On my romance comedy list, When Harry Met Sally is #1.
As recent college graduates, Harry and Sally first meet when they share a rather contentious and very funny drive from the University of Chicago to New York. Stopping for a meal, Harry selects the number of an item on the menu. Sally, though, had to have her chef’s salad with oil and vinegar on the side. Then, for her apple pie à la mode, she wanted the pie heated, strawberry ice cream instead of the vanilla, and only real whipped cream.
This was the scene. For a smile, do take a look:
In Sally’s life, everything–even a slice of pie–has variety. Somewhat similarly the variety in each of our lives is multiplying. And that is not necessarily good.
Grocery stores offer a “product explosion.” Among many diet sodas, Diet Coke, Coca-Cola Cherry Vanilla Zero Sugar and Coca-Cola California Raspberry are possibilities. In the chips aisle, we can buy Lays Flamin’ Hot, Kettle Cooked, Honey Barbecue…the list is long. Thrillist even ranked the top thirty. Ironically, they liked Lay’s Classic Original the best.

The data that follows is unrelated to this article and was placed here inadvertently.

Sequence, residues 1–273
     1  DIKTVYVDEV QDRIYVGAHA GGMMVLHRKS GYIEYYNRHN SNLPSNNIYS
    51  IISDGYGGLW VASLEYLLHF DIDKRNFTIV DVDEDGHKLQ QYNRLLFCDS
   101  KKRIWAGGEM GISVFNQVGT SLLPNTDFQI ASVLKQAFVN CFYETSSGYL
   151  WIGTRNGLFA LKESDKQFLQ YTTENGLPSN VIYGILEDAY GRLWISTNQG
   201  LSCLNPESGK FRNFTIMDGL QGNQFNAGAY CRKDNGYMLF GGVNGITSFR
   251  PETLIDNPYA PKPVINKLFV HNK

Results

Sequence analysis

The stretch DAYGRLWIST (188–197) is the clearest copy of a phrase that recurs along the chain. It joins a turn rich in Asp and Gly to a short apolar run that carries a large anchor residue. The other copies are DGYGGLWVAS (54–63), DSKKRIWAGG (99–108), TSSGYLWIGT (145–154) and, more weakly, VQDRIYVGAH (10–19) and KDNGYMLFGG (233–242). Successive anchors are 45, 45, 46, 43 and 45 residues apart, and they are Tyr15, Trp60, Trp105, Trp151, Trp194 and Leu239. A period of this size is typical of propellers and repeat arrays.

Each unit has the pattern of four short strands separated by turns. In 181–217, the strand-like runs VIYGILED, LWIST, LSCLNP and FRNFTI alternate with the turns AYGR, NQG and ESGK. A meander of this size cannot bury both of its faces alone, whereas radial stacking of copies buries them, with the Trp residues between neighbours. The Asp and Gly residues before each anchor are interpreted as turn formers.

One result has been an increase in niche consumption that could make many people happy. Like Sally, they can select precisely what they want. Also though, it could depend on whether you are a maximizer or a “satisficer.” Maximizers want the best decision. Less demanding, “satisficers” are happy with things being good enough.
Thinking of the opportunity cost, maximizers could feel the most regret from their decisions. Defined as the sacrificed alternative, the opportunity costs multiply for maximizers like Sally. After all, she had many more alternatives that she did not select. Choosing #3 on the menu, Harry did not.
Our Bottom Line: The Paradox of Choice
In “Do Shoppers Have Too Many Choices?” we are told that consumers bought less after a restaurant delivery platform multiplied the options. The researcher concluded that it became increasingly difficult to navigate the options.
While small (the y-axis max is 2.5%), more variety does increase consumer satisfaction:
Still, the paradox emerges when more is less. We pay a biological price for making decision after decision. Depleted, at some point, our brain looks for shortcuts and tries to do less.
But not Sally.
My sources and more: Thanks to the always interesting Timothy Taylor for inspiring me today. From there, this paper explored the vast territory surrounding consumer choice while the Decision Lab discussed the paradox. And this NY Times article on ice cream cones contradicted everything! Finally, if you just want to see which Lay’s chips are best, Thrillist has the analysis. Thrillist was also the source of our featured image.